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Wingmead, a farming operation south of DeValls Bluff (Prairie County) on State Highway 33, has long been recognized as one of the nation’s foremost duck-hunting clubs. Wingmead was established in 1937 by Edgar Monsanto Queeny, son of John Francis Queeny, who founded Monsanto Chemical Co. Wingmead is a word of Scottish origin that means “meadow of wings.”
Edgar Queeny served in the U.S. Navy during World War I and then earned a chemistry degree from Cornell University in 1919. He married Ethel Schneider after graduation and began working for Monsanto in St. Louis, Missouri. He became a vice president of the company in 1924 and Monsanto’s president in 1928. By the time Queeny retired from Monsanto in 1960, it had become the third-largest chemical company in the United States and the fifth-largest chemical company in the world. At the time, it had forty-four plants in the United States that manufactured chemicals, plastics, petroleum products, and man-made fibers.
Queeny’s passion away from work was duck hunting. He began hunting in the 1930s on Mill Bayou near DeWitt (Arkansas County) with a man named Elmer “Tippy” LaCotts. It was LaCotts who introduced Queeny to Jess Wilson, reputed to be the state’s best duck caller and hunting guide.
For several years, Queeny stayed in a trailer when he visited Arkansas to hunt ducks. His wife finally gave him an ultimatum: if she were going to accompany him in the future, he would need to get rid of the trailer. Queeny consulted with Stuttgart (Arkansas County) businessman Roger Crowe to find land for an estate. Crowe found property on LaGrue Bayou, northwest of Roe (Monroe County) and south of DeValls Bluff. Queeny formed an irrigation district and used the eminent domain powers granted irrigation districts to acquire the 11,000 acres.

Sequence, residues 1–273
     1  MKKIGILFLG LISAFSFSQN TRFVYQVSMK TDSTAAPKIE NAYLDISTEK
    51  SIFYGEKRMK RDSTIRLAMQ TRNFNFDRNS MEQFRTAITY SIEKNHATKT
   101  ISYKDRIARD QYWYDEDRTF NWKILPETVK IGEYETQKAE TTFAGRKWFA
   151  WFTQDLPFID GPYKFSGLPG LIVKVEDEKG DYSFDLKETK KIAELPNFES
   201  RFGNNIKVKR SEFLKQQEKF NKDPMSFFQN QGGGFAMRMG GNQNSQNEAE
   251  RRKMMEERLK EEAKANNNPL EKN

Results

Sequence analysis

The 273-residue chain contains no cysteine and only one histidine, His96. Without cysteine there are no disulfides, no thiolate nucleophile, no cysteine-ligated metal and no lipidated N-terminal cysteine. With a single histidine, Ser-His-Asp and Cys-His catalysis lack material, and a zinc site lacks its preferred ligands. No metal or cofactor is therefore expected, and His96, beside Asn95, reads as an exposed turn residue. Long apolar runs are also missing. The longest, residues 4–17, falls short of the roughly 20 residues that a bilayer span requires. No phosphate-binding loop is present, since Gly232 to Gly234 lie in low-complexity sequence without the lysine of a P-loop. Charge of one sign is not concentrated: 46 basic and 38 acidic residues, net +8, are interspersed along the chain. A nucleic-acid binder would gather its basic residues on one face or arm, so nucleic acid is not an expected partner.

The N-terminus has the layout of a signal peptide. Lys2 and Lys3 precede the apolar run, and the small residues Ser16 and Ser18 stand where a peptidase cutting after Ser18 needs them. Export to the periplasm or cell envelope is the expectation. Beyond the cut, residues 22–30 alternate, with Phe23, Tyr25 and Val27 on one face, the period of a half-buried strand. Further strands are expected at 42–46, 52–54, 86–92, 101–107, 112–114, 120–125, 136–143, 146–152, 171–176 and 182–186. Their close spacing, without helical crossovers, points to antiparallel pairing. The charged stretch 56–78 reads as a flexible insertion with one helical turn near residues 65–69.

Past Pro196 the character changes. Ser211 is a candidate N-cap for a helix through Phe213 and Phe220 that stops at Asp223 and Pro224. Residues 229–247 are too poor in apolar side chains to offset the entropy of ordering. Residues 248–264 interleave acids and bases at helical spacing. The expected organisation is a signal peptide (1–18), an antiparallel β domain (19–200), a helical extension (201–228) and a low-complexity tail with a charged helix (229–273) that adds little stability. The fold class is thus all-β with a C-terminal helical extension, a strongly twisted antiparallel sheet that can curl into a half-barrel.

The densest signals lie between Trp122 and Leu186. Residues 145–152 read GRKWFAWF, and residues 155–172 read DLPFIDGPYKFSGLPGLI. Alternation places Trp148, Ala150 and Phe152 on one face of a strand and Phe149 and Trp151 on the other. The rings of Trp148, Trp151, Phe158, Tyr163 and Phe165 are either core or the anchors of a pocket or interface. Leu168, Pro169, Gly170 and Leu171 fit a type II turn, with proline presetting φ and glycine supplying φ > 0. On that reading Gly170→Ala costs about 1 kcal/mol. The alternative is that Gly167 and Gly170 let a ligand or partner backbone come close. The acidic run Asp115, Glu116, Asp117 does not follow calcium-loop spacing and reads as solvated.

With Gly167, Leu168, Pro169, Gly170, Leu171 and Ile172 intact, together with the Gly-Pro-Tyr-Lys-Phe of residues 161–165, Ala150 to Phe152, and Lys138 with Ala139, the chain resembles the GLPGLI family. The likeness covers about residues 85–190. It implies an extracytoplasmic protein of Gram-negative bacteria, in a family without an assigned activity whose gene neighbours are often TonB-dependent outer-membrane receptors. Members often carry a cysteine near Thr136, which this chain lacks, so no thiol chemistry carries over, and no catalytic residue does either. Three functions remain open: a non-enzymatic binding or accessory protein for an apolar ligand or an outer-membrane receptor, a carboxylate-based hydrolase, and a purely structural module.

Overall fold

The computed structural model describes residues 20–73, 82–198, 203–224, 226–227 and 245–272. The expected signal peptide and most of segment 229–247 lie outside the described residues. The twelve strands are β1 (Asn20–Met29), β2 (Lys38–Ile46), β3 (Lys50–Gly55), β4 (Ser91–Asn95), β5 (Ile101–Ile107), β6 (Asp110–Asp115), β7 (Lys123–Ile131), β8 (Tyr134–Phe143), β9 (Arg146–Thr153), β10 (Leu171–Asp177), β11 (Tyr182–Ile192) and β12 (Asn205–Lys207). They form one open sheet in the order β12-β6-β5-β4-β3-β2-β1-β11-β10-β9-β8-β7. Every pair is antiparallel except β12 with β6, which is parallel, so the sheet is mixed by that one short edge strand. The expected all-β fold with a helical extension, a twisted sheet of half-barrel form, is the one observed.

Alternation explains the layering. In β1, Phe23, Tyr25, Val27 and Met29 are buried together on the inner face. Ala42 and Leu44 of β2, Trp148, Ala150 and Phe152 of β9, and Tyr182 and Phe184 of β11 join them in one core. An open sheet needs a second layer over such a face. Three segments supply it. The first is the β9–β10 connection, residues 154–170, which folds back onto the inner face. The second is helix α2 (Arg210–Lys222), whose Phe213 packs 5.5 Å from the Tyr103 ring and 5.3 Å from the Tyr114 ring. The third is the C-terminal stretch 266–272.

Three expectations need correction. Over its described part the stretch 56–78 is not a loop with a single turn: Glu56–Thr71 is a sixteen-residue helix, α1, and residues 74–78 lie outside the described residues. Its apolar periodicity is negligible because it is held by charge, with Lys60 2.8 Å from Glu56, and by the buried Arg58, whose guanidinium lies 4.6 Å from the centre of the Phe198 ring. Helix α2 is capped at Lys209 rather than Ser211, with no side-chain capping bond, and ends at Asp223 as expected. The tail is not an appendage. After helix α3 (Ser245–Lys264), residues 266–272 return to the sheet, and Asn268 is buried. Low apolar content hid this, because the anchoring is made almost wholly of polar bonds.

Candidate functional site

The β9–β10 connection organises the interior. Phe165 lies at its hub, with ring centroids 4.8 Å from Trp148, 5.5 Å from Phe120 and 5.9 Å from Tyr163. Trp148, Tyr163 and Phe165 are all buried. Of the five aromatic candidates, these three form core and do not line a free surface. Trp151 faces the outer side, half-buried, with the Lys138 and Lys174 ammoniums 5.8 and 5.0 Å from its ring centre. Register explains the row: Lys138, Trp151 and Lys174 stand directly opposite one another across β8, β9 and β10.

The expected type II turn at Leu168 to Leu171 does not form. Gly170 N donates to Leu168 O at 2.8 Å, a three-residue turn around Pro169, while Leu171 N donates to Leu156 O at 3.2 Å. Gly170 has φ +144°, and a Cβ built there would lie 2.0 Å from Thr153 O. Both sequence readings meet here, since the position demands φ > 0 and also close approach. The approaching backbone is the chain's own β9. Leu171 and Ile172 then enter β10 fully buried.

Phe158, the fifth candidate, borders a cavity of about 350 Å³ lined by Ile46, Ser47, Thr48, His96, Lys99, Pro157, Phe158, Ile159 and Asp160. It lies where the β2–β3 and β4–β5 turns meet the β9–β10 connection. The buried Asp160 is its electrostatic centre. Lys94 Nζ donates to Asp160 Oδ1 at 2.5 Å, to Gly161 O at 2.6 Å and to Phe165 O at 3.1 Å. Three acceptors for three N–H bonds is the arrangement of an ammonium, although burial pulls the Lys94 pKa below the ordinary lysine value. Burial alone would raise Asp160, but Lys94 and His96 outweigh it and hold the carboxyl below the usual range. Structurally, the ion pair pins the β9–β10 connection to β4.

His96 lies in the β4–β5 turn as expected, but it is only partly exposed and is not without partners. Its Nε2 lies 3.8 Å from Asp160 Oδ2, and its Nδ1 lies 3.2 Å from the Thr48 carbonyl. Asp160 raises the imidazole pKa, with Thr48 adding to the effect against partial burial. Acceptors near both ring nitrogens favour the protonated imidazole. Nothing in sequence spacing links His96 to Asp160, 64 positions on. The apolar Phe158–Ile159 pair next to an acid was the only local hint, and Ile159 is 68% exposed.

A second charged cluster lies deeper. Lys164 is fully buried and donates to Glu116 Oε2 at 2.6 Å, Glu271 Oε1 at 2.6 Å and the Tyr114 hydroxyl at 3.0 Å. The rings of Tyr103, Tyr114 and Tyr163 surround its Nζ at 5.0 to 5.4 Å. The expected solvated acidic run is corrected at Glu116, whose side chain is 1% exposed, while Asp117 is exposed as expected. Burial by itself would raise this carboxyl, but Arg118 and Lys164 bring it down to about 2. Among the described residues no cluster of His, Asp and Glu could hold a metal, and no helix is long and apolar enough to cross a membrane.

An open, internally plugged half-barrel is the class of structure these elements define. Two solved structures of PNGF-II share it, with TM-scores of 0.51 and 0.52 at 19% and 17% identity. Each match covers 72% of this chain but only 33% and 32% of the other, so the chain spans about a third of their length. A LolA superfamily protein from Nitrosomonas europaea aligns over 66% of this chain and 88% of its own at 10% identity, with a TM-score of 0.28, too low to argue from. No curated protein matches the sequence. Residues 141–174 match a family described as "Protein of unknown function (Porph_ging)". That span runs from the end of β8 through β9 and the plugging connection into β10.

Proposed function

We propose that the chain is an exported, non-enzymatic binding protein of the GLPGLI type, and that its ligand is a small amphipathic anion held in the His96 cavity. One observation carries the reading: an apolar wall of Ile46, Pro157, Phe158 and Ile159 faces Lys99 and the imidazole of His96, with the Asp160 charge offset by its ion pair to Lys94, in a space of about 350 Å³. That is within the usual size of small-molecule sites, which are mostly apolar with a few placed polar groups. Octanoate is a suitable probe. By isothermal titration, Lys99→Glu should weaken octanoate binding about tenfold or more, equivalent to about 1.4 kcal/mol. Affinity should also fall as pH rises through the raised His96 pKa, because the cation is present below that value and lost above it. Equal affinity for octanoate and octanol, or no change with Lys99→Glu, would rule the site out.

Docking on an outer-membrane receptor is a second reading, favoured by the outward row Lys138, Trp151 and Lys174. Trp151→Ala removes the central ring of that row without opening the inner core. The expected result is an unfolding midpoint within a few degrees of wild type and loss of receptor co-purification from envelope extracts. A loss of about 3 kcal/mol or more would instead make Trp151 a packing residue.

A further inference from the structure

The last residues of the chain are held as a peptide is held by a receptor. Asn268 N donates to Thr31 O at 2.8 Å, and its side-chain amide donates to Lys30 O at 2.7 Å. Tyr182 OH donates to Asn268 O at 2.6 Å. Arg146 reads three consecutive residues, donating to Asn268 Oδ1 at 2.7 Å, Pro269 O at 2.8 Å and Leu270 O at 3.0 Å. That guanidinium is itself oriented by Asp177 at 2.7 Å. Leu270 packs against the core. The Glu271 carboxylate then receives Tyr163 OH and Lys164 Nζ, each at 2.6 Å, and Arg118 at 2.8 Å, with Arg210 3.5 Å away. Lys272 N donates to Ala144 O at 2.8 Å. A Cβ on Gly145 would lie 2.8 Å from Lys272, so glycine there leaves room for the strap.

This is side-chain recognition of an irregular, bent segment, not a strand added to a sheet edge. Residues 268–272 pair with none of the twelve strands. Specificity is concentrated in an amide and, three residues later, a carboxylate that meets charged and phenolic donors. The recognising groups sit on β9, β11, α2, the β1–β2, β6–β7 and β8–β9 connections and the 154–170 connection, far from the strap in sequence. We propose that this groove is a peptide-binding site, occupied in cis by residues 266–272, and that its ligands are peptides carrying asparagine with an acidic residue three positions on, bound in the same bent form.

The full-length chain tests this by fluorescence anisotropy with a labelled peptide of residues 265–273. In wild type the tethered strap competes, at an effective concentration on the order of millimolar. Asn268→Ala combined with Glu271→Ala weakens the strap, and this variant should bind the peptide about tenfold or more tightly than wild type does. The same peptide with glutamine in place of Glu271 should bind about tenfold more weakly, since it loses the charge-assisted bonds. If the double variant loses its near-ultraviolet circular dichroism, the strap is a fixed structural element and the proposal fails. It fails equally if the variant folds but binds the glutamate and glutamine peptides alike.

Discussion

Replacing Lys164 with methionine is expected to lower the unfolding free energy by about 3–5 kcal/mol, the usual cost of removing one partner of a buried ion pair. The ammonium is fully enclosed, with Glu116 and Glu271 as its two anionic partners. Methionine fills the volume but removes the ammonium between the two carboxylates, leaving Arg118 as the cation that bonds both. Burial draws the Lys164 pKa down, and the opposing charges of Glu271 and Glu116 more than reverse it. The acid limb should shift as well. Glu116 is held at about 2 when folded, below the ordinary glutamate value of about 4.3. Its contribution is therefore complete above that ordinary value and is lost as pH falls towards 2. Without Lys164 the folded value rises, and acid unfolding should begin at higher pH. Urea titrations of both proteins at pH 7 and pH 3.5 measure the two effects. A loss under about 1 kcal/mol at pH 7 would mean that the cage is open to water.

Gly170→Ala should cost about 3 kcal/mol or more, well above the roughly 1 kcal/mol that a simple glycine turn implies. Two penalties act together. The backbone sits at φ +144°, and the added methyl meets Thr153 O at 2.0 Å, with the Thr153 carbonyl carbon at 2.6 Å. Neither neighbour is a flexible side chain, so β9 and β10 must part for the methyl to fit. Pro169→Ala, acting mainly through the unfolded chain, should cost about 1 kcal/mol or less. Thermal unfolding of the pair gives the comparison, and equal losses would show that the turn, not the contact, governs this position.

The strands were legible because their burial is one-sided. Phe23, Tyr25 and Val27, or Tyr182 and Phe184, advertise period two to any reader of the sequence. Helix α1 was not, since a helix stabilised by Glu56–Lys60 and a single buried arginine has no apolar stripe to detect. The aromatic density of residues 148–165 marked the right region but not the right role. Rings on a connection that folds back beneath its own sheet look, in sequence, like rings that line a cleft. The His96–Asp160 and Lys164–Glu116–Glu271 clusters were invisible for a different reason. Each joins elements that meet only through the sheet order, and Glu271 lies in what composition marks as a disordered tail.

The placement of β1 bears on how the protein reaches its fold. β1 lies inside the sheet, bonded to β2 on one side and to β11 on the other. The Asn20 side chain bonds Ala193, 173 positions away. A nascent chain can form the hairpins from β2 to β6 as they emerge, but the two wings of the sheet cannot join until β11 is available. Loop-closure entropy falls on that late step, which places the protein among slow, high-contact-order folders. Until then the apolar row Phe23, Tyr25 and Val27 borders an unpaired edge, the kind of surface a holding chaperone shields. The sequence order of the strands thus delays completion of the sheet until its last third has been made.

Plans for the Queeny home at Wingmead were drawn in 1937 by a St. Louis architect, Frederick Wallace Dunn. A Yale University graduate, Dunn was a well-known figure in St. Louis who had his own firm and taught architectural design at Washington University. The main home at Wingmead was built in 1939. Queeny and his wife would come to Wingmead in October each year and often stay until March. Guests—including the likes of Walt Disney and famed outdoors writer Nash Buckingham—would arrive on Friday in time for a formal dinner, hunt ducks on Saturday and Sunday mornings, hunt quail on Saturday afternoon, and depart on Sunday afternoon.
The nomination narrative for placing Wingmead on the National Register of Historic Places stated: “Construction on Wingmead took place shortly after the land was acquired, and the complex that Queeny built was unlike any other duck hunting camp in the state. Designed in the colonial revival style, the main house encompassed approximately 10,000 square feet. In addition to the main house, the estate included several farm buildings, a kennel and a small cabin located one mile south of the main house that Queeny used as his personal retreat to do much of his writing.”